Volcanic hazards: case histories, prediction of eruptions, and hazard maps
Lecture outline for environmental geology course
Figure of Mt. St. Helens looking to the east and taken in 1996. The red arrow shows the northward direction of the lateral blast, while the Tuttle River valley is show with the lahar deposits in the foreground. This is the edge of the blast zone, and dead trees litter the slopes in the lower left corner.
Mt. St. Helens: the classic example for the U.S.. May 18th, 1980
Mt. St. Helens in 2018 looking to the south from the hert of the main blast zone. One can see the lava dome that has built up in the depression left by the explosive 1980 eruption, along with the flanking glaciers. In the foreground soil is developing as a plant cover establishes itself in what was a totally barren landscape. One research stream in the area is how does life reinhabit such a 'sterilized' blast zone.
Krakatoa (Krakatau): a big one (but not the biggest). August 22nd, 1881, dormant for 200 years.
Mount Pelee - Martinique, West Indies, 1902
Nevado del Ruiz, Nov. 13 1985
Images and information from the 2018 Hawaiian eruptions - https://volcanoes.usgs.gov/volcanoes/kilauea/multimedia_videos.html .
Dante's Peak was a movie!
Possible precursors can monitor:
USGS graph showing the relationship between seismic activity (y axis) versus time (x axis) for the 1980s. The green arrows mark eruptions including the large initial eruption in 1980 that was described and discussed above. The red line is cumulative earthquake count, the sudden steps in which represent a marked increase in seismicity. Note that eruptions are often associated with a building intensity of earthquakes. Graph source: From Pacific Northwest Seismic Network https://pnsn.org/volcanoes/mount-st-helens#seismicity (accessed 11/12/18) .
This map is from an area in Oregon known as the Three Sisters, which has volcanically active in recent geologic times. The Three Sisters are volcanoes, and these are associated with Cascade volcanic arc in the Pacific Northwest that is in turn related to subduction off the coast. The colors represent the amount of vertical change in elevation seen when comparing satellite radar data from two different points in time (interferometry), and the lower layer shows the amount of uplift in units of millimeters in between 1995 and 2001. This is thought to be due to magmatic inflation, and thus the local volcanic risk is higher. There were not subsequent eruptions, which simply means the magma did not reach the surface (yet). Image is from USGS site: InSAR—Satellite-based technique captures overall deformation "picture" at https://volcanoes.usgs.gov/vhp/insar.htm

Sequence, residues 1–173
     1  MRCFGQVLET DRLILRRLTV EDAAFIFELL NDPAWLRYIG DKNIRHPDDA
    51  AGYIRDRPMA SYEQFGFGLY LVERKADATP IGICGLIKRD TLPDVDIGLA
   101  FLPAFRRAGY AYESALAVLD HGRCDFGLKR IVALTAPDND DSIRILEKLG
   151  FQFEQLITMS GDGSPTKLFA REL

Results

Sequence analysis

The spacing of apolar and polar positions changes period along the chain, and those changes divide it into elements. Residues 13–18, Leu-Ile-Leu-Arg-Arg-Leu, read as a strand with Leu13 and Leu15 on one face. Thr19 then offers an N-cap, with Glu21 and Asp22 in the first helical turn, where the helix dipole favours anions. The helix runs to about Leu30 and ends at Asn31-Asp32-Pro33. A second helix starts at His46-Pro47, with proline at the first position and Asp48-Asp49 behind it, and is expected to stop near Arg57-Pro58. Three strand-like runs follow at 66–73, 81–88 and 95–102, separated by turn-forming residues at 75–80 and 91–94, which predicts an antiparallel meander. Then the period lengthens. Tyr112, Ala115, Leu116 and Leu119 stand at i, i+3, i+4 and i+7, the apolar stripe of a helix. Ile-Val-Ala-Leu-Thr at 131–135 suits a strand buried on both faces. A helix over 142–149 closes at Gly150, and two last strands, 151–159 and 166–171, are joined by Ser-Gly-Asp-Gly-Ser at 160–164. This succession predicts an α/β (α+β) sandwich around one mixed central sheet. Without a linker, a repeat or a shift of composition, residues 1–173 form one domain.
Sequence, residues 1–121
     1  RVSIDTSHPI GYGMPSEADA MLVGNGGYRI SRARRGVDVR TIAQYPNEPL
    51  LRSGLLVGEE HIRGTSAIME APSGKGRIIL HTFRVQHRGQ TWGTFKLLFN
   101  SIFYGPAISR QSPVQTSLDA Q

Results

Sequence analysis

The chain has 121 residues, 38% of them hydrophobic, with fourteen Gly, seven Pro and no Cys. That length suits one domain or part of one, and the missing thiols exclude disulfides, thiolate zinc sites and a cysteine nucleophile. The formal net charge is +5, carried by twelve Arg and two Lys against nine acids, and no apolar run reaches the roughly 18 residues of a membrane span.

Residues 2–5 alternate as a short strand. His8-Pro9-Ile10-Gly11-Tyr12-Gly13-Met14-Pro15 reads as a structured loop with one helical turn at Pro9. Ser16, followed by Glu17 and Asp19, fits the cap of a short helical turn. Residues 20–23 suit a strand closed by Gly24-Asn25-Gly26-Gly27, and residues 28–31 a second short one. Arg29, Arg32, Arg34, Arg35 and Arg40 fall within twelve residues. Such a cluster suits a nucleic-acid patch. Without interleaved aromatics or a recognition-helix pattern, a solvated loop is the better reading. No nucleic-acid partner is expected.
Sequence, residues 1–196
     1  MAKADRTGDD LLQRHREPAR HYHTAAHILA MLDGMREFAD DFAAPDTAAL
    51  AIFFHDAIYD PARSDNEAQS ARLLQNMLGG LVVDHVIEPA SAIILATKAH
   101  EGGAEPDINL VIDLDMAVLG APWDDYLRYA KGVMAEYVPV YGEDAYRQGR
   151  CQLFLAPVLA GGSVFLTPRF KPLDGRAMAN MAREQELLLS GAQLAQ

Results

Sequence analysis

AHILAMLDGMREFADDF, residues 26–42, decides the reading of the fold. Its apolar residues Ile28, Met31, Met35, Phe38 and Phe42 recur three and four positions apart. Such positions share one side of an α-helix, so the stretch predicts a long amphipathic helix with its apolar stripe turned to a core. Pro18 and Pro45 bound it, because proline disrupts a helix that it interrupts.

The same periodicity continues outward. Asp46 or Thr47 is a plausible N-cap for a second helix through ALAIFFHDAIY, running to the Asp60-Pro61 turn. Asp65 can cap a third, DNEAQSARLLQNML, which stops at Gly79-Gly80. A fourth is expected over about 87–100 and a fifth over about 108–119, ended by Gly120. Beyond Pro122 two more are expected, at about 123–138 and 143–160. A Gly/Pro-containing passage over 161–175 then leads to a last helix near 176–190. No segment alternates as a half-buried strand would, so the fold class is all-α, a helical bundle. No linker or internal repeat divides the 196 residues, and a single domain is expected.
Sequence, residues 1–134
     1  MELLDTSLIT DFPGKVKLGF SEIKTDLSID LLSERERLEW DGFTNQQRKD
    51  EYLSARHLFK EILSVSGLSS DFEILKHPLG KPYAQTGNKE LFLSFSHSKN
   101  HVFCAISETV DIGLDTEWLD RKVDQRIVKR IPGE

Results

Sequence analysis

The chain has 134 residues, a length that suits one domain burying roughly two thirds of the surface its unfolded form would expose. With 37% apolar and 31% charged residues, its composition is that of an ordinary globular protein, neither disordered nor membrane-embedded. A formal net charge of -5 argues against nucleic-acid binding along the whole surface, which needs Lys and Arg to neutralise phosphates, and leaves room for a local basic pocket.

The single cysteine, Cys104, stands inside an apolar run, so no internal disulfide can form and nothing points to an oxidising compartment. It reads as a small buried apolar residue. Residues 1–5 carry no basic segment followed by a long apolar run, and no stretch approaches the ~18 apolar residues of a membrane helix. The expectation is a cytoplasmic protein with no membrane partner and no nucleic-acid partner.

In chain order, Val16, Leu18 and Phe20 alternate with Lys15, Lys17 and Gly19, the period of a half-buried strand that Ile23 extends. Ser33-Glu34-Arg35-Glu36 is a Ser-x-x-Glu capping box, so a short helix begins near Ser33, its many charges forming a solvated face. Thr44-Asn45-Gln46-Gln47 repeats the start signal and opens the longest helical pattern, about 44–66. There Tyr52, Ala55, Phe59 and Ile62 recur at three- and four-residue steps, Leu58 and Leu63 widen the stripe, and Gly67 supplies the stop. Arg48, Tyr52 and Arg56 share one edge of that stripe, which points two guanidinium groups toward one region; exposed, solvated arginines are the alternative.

History of predictions:
Can an eruption be controlled or prevented?
So what's the concern? What specifically should be included in a hazard map for a volcanic region?
Image from USGS/CVO volcanic hazard program that nicely summarizes events and concerns possibly associated with an eruption.
Diagram from the USGS, who has primary responsibility for monitoring volcanoes in the U.S., of the various possible precursor phenomena that can be monitored to predict eruptions. Image source: https://volcanoes.usgs.gov/vhp/monitoring.html (accessed 11/12/18).
USGS volcanic eruption alert/warning levels (from https://volcanoes.usgs.gov/vhp/about_alerts.html (accessed 11/12/18)):
These alert levels are often consecutively assigned the following colors: green, yellow, orange and red. Other countries have similar, but somewhat different alert levels.
In class laboratory. Assessing Mount Hood.
Volcanos on the web. A lot of good case histories here.